DARVILL: Anything can happen in this show.
Was that something you had talked to Steven Moffat about?
GILLAN: Yeah, definitely! We wanted to have the strongest impact.
Arthur, do you have a favorite death for Rory?
DARVILL: In the Dream Lord episode, I liked him turning to dust just ‘cause it was really cool, watching myself turn to dust. I really liked that.
GILLAN: I liked the pirate ship, when you got casually thrown overboard.
DARVILL: I was really gutted that that was a stunt double who actually got thrown off. I really wanted to do it. And then, I saw him come out of the water, freezing, and I was like, “It’s probably fine that I didn’t do that.”
How do the weeping angels play into your final episode?
DARVILL: They have grown and developed into something more scary.
GILLAN: They’ve become bigger and better than ever.
DARVILL: How to answer a question while not saying anything at all. They are really scary! You look at statues in different ways.
GILLAN: Gargoyles are pretty freaky. They were anyway, but now, with this new-found knowledge that they could actually be weeping angels just freaks me out. Sometimes they have actual statues and sometimes they have dancer girls, and it just takes away from it.
Arthur, how come you don’t have an action figure?
DARVILL: I’m really angry about that! I made a call about it. There is a petition. I’ve already seen prototypes, but ages ago. The head was too small, and I do have quite a small head. It wasn’t to scale. I don’t really know, but it should be coming out soon. They just couldn’t release one with a small head and a big body.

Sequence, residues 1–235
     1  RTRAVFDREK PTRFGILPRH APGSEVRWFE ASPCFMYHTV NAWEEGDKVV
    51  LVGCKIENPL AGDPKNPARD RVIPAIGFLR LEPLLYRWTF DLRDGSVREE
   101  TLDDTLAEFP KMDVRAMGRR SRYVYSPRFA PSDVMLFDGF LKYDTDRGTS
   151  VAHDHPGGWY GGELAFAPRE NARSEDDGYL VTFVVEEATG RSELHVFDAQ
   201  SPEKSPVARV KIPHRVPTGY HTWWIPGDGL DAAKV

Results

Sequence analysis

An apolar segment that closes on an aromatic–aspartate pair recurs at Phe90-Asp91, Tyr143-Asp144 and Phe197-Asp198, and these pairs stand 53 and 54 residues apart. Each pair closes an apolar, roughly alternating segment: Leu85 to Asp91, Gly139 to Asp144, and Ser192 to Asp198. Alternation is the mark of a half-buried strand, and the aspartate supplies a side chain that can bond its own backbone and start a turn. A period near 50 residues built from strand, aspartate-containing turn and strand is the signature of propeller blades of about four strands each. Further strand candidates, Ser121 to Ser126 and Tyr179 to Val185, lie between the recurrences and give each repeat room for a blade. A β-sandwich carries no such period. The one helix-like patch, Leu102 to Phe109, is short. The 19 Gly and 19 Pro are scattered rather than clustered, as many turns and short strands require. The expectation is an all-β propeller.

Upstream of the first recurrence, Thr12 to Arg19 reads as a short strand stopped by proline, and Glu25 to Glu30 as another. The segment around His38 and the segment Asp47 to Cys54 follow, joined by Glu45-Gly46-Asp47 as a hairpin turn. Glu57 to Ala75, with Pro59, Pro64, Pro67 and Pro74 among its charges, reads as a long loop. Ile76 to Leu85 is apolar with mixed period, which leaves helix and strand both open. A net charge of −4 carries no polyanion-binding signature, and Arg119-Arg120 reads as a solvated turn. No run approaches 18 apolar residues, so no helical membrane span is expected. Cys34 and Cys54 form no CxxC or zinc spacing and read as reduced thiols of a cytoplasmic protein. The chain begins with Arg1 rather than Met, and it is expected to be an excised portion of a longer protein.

DARVILL: Yeah, and Comic-Con really helps it hit home. It’s 100,000 people who know what it is and are really enthusiastic about it. We’re always surprised about the reaction.
GILLAN: I just can’t believe it, sometimes. I’m just taking it as this crazy, once-in-a-lifetime experience that I’ll never have again. I’m just really enjoying it. It’s just mental, though. It really is! When people are physically shaken because they’ve seen you, it’s amazing.
DARVILL: You’re like, “This isn’t real life!”
GILLAN: There was a guy chasing the car last night!
DARVILL: Comic-Con, for me, was a whole series of awkward moments with people. I’m like, “I don’t really know what to say to you.” They seem pretty happy, but I’m just a quivering wreck about it.
GILLAN: I get nervous, sometimes.
Was there ever any discussion about why you’re known as The Ponds and not The Williamses?
DARVILL: No, it’s just standard.
GILLAN: It’s just the way it is, and it won’t change.
GILLAN: We’ll answer for each other. So, Arthur is about to do a play with his best friend in London, which he’s really excited about because they’ve known each other since they were eight. And then, he’s going to do a series called Broadchurch, which is written by Chris Chibnall, who wrote episodes of Doctor Who, starring Arthur Darvill, David Tennant and Olivia Coleman.
DARVILL: Karen is going straight back to Glasgow to start a film called Not Another Happy Ending, which is about a writer. It sounds very, very interesting. And then, she’s going to Alabama to do a horror film about a mirror, called Oculus.
GILLAN: It’s a great script! Basically, it’s psychological horror about these two siblings facing this mirror that my character believes to have paranormal powers.
To catch up on all of our Comic-Con 2012 coverage, click here.